The No. 16 Stanford men's tennis team will face a new foe Thursday as the Cardinal prepares to take on top-seeded Wake Forest for the first time in program history in the NCAA round of 16. Match time is set for 4 p.m. in Athens, Georgia at the Dan Magill Tennis Complex.
While the Cardinal tennis program has been competing since 1926 and Wake Forest since 1954, strangely the two programs have never met. The Deacons are no joke though as they've compiled a 19-match win streak this season: a program record.
Since the NCAA changed to its present format the Cardinal has reached the round of 16 on 29 occasions. Should it reach the quarterfinals, it would be Stanford's 25th appearance.
Junior David Wilczynski has amassed a phenomenal campaign this season, he's posted singles win streaks of six and seven to compile a 16-3 record in dual meets.
In doubles action, he's teamed up with Brandon Sutter to roll to a 17-4 duals record while putting up two five-match streaks and holding a current four-match streak.
On the year Wilczynski has been honored twice by the Pac-12 as Player of the Week.
Stanford's bid to repeat as national champions for the first time since 2004-06 continues this weekend in Athens, GA at the NCAA Championships.
Seeded No. 7 in the postseason draw but ranked No. 6 in the country, Stanford (23-2) will square off against 10th-seeded Michigan (23-5) in the round of 16 on Friday at 6 a.m.
It's a rematch of last year's NCAA quarterfinal, which Stanford rallied to win 4-3 thanks to Caroline Doyle's three-set clincher in which she overcame a 6-5 third-set deficit.
The winningest program in collegiate history with 19 national championships (18 NCAA, 1 AIAW), Stanford must be considered a national title contender regardless of seed. Despite being seeded higher than No. 5 only once (at No. 1 in 2011) over the last nine years, the Cardinal has produced three NCAA crowns (2010, 2013, 2016).
Equally comfortable playing the role of underdog, Stanford has incredibly won 14 of its last 16 NCAA Tournament matches when seeded lower than its opponent, a battle-tested stretch that dates back to 2010.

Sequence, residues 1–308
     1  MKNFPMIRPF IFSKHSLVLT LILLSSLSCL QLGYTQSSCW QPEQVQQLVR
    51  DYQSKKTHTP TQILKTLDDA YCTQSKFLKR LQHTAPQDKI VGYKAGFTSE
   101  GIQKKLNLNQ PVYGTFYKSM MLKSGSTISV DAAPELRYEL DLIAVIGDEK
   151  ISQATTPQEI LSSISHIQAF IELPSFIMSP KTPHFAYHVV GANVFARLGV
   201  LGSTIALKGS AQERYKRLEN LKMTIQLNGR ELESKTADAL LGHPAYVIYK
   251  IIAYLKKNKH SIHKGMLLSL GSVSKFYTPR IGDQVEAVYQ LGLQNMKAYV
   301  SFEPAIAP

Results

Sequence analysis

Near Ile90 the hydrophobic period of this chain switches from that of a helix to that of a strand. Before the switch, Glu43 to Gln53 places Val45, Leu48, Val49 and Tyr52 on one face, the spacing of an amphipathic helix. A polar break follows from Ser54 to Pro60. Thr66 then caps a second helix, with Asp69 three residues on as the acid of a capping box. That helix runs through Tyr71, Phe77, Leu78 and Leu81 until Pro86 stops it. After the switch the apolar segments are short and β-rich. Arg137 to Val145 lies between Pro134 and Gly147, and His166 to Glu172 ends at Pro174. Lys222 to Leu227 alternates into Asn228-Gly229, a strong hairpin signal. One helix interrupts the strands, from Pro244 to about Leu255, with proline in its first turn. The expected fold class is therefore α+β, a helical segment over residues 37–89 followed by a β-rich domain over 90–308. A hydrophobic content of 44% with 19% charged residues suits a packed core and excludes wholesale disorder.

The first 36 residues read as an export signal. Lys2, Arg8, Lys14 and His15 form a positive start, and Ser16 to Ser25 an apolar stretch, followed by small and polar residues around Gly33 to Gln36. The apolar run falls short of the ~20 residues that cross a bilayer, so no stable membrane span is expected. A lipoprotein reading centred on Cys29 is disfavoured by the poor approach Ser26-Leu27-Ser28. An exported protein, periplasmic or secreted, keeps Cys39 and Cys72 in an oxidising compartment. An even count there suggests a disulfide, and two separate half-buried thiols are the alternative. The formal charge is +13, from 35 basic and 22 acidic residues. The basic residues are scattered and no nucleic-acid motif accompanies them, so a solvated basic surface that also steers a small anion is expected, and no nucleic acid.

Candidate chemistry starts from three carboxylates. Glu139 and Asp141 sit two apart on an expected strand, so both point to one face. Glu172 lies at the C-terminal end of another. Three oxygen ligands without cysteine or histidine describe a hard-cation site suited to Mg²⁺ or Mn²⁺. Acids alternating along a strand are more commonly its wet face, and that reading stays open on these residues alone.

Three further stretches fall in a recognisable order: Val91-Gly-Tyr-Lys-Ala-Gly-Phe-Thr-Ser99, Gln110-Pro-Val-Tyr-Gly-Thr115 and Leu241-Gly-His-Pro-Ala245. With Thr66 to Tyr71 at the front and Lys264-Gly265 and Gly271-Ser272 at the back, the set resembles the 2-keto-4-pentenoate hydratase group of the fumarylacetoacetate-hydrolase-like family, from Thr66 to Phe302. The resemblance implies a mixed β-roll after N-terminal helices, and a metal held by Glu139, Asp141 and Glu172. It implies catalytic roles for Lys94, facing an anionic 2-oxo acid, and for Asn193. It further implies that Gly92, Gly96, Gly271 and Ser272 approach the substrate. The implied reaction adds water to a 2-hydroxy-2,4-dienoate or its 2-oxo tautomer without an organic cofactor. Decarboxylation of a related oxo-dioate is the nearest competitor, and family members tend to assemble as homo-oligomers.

In 2016, Stanford became the lowest-seeded team to win an NCAA title at No. 15, defeating Oklahoma State in a 4-3 thriller.
Four years ago, Stanford won it all as a No. 12 seed â€“ at the time the lowest-seeded team to accomplish the feat. In 2010, the Cardinal took home the crown as a No. 8 seed.
Meanwhile, Stanford and UCLA have both won 113 NCAA team championships overall, so there is added incentive to claim the distinction as the winningest program in collegiate athletics.
The Bruins have been eliminated on the women's side but their men's program remains in contention.
Stanford has experienced very little drop-off following last year's NCAA title campaign, maintaining a spot among the nation's top-15 for the majority of the season while suffering only two losses (at Florida, at Pepperdine).
Stanford, which is 144-18 all-time in the NCAA Tournament, blanked Idaho 4-0 in the first round before surviving pesky TCU 4-2 in the second round last week at Taube Family Tennis Stadium.
The Cardinal once again possesses all the ingredients to make another deep postseason run.
Seniors Caroline Doyle (18-11 overall, 9-8 duals) and Taylor Davidson (12-10 overall, 10-7 duals) boast experience and a combined 15-7 record in NCAA team play.
Sophomores Melissa Lord (25-5 overall, 16-4 duals) and Caroline Lampl (25-5 overall, 18-3 duals) have continued their development and provided pivotal wins over TCU.
Meanwhile, freshmen Emily Arbuthnott (25-4 overall, 19-2 duals) and Emma Higuchi (31-3 overall, 20-0 duals) have essentially been automatic at the lower two spots.
The Cardinal has been solid in doubles, but even if it loses the point, there is no panic. Stanford has won nine of its last 13 matches overall when falling behind 1-0, with seven of those victories coming last season.